lachrymal

(redirected from lacrimal bones)
Also found in: Thesaurus, Medical.
Related to lacrimal bones: posterior lacrimal crest

lach·ry·mal

 (lăk′rə-məl)
adj.
Variant of lacrimal.
American Heritage® Dictionary of the English Language, Fifth Edition. Copyright © 2016 by Houghton Mifflin Harcourt Publishing Company. Published by Houghton Mifflin Harcourt Publishing Company. All rights reserved.

lachrymal

(ˈlækrɪməl)
adj
(Physiology) a variant spelling of lacrimal
Collins English Dictionary – Complete and Unabridged, 12th Edition 2014 © HarperCollins Publishers 1991, 1994, 1998, 2000, 2003, 2006, 2007, 2009, 2011, 2014

lach•ry•mal

(ˈlæk rə məl)

adj.
1. of, pertaining to, or characterized by tears.
n.
[1535–45; < Medieval Latin lachrymālis= Latin lachrym(a) (Hellenized sp. of lacrima, lacruma (Old Latin dacrima) tear, probably « Greek dákrȳma, derivative of dákry; see tear1) + -ālis -al1]
Random House Kernerman Webster's College Dictionary, © 2010 K Dictionaries Ltd. Copyright 2005, 1997, 1991 by Random House, Inc. All rights reserved.
ThesaurusAntonymsRelated WordsSynonymsLegend:
Adj.1.lachrymal - of or relating to tears
2.lachrymal - relating to or located near the organ that produces tears
Based on WordNet 3.0, Farlex clipart collection. © 2003-2012 Princeton University, Farlex Inc.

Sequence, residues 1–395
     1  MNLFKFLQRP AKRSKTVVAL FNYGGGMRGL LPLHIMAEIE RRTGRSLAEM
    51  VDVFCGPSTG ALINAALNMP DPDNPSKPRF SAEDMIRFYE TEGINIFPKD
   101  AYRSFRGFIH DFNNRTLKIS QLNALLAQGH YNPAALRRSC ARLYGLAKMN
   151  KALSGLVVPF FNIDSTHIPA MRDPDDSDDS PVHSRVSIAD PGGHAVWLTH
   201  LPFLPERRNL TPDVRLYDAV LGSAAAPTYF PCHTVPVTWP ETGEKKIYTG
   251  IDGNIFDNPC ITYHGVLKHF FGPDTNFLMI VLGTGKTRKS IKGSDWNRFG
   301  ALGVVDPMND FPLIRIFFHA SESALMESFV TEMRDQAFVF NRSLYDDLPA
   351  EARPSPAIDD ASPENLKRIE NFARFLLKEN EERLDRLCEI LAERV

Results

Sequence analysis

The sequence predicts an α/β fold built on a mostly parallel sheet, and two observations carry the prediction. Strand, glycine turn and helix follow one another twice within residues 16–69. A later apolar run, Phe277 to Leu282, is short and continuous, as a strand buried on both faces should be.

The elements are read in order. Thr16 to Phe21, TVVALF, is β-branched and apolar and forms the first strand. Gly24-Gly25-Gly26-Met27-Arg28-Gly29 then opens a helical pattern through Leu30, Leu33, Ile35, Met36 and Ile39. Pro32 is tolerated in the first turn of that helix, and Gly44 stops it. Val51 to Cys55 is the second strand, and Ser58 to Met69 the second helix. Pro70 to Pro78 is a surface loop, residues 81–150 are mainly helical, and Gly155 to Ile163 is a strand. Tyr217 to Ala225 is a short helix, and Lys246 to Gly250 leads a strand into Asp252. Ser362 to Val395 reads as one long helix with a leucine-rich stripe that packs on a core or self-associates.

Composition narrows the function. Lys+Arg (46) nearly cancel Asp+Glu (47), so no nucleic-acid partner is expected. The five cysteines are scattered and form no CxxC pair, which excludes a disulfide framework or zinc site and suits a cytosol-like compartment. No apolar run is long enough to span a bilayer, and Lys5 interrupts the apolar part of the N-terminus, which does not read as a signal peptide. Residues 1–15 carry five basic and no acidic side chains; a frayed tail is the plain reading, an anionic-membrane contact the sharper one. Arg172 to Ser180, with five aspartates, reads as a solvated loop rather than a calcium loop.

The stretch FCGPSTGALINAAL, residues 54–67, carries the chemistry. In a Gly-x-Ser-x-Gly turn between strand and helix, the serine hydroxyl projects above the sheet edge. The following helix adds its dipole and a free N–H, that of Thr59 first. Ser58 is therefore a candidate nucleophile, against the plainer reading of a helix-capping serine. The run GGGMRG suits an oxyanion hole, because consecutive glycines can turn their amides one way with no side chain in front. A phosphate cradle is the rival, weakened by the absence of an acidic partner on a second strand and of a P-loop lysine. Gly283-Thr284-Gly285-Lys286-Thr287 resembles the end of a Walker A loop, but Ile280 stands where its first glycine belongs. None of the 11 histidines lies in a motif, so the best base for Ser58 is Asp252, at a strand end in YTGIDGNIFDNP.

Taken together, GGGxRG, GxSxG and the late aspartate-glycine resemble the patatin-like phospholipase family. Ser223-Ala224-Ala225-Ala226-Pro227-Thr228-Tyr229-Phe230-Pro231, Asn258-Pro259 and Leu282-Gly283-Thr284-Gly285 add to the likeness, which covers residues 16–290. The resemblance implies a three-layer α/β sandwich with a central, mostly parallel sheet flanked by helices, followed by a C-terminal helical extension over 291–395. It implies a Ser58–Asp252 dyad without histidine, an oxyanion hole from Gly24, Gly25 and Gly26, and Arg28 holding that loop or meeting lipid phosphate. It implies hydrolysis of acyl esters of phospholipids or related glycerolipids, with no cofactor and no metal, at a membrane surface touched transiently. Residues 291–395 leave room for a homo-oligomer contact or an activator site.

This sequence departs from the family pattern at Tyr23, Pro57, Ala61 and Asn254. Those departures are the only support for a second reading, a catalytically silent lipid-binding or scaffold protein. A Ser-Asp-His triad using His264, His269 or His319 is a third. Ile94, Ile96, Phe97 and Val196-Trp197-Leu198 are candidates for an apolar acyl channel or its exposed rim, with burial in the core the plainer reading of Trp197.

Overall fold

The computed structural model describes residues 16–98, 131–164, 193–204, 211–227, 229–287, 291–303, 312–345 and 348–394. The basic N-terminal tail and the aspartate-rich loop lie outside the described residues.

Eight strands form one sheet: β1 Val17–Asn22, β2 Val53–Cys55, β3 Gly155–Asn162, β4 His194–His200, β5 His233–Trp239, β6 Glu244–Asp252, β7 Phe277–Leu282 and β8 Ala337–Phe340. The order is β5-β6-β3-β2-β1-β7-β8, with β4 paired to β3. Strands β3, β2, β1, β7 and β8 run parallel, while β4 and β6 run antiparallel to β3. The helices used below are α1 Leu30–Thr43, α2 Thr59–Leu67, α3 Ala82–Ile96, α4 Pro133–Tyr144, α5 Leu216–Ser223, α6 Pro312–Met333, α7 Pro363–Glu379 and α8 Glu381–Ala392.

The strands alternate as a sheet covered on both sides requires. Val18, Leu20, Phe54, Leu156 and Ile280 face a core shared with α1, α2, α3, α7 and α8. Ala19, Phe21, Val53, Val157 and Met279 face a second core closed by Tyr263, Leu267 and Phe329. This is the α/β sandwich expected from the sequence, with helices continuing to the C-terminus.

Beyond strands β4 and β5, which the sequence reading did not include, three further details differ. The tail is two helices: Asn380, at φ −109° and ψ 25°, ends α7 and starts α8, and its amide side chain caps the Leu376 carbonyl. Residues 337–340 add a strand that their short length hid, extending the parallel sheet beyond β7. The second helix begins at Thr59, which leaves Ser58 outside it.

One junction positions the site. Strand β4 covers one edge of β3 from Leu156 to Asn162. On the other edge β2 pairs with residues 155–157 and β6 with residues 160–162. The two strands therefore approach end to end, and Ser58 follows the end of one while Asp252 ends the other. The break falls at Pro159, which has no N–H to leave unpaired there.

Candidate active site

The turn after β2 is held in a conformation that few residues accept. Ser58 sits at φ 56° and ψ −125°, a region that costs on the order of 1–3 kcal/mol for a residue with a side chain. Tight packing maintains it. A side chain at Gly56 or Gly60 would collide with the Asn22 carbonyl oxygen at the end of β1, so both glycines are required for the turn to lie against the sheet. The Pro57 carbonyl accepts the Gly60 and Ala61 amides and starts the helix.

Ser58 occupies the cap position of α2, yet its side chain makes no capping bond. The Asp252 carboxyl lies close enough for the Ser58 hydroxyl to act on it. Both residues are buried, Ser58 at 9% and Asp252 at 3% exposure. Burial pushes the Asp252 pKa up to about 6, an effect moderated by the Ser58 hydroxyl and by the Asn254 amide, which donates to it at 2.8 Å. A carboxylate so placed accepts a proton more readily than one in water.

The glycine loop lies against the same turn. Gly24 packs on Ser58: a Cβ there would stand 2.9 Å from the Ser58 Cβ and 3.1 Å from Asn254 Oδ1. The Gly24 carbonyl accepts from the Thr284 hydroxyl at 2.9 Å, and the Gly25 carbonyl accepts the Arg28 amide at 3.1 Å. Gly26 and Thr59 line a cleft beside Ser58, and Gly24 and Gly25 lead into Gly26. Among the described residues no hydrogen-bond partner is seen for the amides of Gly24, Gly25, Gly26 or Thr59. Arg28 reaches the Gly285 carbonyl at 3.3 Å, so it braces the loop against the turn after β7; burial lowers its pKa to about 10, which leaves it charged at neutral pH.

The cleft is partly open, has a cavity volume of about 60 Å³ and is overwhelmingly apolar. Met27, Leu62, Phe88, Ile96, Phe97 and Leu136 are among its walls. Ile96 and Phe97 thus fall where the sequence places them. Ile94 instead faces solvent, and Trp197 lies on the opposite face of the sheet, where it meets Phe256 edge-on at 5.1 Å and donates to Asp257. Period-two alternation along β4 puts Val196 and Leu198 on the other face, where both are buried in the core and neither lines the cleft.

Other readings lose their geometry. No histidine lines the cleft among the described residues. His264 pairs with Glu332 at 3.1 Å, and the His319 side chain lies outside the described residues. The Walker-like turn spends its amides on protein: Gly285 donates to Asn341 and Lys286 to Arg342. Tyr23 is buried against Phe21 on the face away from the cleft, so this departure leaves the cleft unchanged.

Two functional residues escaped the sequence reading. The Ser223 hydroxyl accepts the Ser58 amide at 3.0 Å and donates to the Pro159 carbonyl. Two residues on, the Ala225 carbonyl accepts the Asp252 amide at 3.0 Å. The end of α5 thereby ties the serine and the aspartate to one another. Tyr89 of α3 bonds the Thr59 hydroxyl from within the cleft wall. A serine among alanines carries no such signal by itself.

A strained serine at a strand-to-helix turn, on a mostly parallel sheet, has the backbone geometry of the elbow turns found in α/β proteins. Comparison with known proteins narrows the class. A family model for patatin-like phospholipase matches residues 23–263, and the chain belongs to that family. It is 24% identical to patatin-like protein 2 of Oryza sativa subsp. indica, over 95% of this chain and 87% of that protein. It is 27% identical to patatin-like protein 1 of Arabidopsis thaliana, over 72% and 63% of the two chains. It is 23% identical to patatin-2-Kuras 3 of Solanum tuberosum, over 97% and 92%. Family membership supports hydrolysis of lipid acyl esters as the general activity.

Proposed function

Translations

lachrymal

[ˈlækrɪməl] ADJlagrimal
Collins Spanish Dictionary - Complete and Unabridged 8th Edition 2005 © William Collins Sons & Co. Ltd. 1971, 1988 © HarperCollins Publishers 1992, 1993, 1996, 1997, 2000, 2003, 2005
References in periodicals archive ?
The major affected bones are those which undergo intramembranous ossification such as cranial vault, clavicles, maxilla, nasal, and lacrimal bones.[sup][5] It is characterized by the absence of the clavicles, which usually occurs in 10% of cases or the presence of hypoplastic clavicles which allow the hypermobility of shoulders that can move it up to the medial plane of the body.
1, 4 and 5) was articulated anteriorly with incisive bone as also reported in dog (Miller et at.), in horse (Getty), in chital (Kumawat et al.) and in tiger (Joshi) while the nasal bones articulated with lacrimal bones in ox (Raghavan) and in camel (Singh).
Facial and morphometric studies have shown that patient with narrow face and flat nose as well as underdeveloped lacrimal bones and maxilla have a higher incidence of dacryocystitis which leads to Nasolacrimal duct obstruction.